Sen. Wayne Allard, R-Colorado, is becoming quite a good luck charm.
Allard, a longtime participant in the Kenai River Classic, set a record last year by catching an amazing 14 king salmon in one day. This year, Allard was again a participant in one of the 2004 Classic's most unbelievable fish stories.
It happened aboard guide Jeff King's boat at around 11 a.m. Thursday the first day of the Kenai River Sportfishing Association's annual invitational fishing tournament.
Angler Bob Helm hooked into a big king, but while fighting the fish, ended up getting a big tangle in his line. Normally, this would be a lost fish, but King decided to act quickly to try and salvage the fish.
"I cut the line and tied it to another rod," King said shortly after the incident.
King's last-ditch effort somehow paid off, and the fish was still on the line when it was transferred to the second pole. Shortly after tying "two granny knots" in the line, King was able to net the fish, which weighed about 40 pounds.
"It was a total miracle," King said, as Sen. Allard, his brother, Kermit, and fellow anglers Jack Ferguson congratulated Helm on his unlikely catch.
The story turned out good for the fish, as well, which Helm released back into the river.
By releasing the fish, Helm gained valuable points in the classic, which awards points for both keeping and releasing big Kenai kings. According to KRSA board member Eldon Mulder, releasing the fish is encouraged as part of KRSA's overall mission, which stresses preservation of fish and their habitat.
"Our motto is 'Unique and Forever,'" Mulder said Thursday from the river. "It's not just for today, but for our grandchildren and their kids, too."
This year's classic brought 208 anglers to the Kenai for two days of fishing and fun on the river.
Participants included seven U.S. senators, University of Arizona head basketball coach Lute Olson, former Louisville head basketball coach Denny Crum, Alaska Gov. Frank Murkowski and a number of prominent business people from major U.S. corporations.
Last year's classic raised more than $1 million for KRSA, which Mulder said is used for a variety of programs ranging from improved angler access to riverbank restoration projects and scholarships.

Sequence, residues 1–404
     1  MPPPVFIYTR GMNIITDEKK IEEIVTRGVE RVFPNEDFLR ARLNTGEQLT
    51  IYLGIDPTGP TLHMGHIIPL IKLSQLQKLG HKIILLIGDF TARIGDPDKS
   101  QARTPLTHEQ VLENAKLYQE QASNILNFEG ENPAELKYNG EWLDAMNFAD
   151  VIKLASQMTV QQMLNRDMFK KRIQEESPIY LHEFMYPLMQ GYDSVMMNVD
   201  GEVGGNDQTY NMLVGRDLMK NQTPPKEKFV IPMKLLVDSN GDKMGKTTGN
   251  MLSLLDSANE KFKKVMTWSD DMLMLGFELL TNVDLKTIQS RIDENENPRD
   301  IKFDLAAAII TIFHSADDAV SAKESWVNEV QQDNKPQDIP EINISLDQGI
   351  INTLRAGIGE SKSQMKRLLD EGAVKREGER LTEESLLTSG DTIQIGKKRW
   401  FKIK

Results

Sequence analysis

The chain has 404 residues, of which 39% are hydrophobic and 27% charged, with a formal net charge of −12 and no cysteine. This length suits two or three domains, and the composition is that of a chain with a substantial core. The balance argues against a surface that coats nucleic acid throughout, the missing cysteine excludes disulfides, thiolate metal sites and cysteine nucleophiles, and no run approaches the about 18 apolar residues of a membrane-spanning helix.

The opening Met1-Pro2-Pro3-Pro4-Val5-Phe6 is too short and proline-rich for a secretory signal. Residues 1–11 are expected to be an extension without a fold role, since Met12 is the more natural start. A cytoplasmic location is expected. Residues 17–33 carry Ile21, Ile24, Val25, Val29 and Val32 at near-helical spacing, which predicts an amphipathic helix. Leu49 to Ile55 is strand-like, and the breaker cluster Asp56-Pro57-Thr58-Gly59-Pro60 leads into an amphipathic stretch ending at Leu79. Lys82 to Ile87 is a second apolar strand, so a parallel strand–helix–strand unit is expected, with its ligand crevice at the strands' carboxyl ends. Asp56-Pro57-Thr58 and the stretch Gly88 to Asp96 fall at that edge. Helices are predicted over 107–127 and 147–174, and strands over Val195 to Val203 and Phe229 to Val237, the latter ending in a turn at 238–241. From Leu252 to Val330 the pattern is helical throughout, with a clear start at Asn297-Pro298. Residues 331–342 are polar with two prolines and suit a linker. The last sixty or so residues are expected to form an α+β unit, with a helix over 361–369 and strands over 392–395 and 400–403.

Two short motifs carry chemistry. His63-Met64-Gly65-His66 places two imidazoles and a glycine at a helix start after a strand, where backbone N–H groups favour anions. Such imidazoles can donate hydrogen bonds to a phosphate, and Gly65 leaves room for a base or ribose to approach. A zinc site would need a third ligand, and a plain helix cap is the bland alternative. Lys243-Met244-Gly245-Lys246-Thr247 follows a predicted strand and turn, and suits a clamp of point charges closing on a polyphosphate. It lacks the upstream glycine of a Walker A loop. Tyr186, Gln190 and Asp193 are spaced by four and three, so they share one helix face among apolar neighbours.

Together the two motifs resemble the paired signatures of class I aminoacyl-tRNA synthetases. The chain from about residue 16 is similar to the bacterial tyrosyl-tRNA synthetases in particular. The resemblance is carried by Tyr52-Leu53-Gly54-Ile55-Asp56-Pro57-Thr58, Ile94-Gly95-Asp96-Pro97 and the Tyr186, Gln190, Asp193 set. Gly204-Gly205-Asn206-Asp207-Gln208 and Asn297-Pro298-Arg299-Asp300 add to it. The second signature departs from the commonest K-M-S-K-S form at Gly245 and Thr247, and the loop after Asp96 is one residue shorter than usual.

"What we try to do is allow an opportunity for people to participate in the fishery in an enjoyable way that doesn't endanger critical habitat areas," he said.
Also participating again this year was Alaska Sen. Ted Stevens, whose support of the event has been vital to its success. That's because being able to bring up his fellow senators allows Stevens to give members of the federal government a firsthand view of what Alaska is like.
"It gives very good exposure to the Kenai River, the Kenai Peninsula with all these folks from Washington," Mulder said.
That means good things for both the river and the state as a whole, he said.
"Sen. Stevens uses it as a magnet to draw his colleagues to Alaska to witness some of our challenges and some of our problems," Mulder said.
Although Stevens uses the classic to put the spotlight on Alaska, the state's senior senator also has a good time. That was evident Wednesday, as he hauled in a king while fishing with guide Mike Fenton.
While fighting the lunker, the senator appeared to be thinking very little about politics. With an intensity reserved mainly for battles on the Senate floor, Stevens fought the fish for about 10 minutes before Fenton scooped it up in his landing net. Hat turned backward, the senator then helped out as Fenton removed the hook from the big king's mouth.
Stevens then took the net, calmly flipping it over and allowing another king to swim free.
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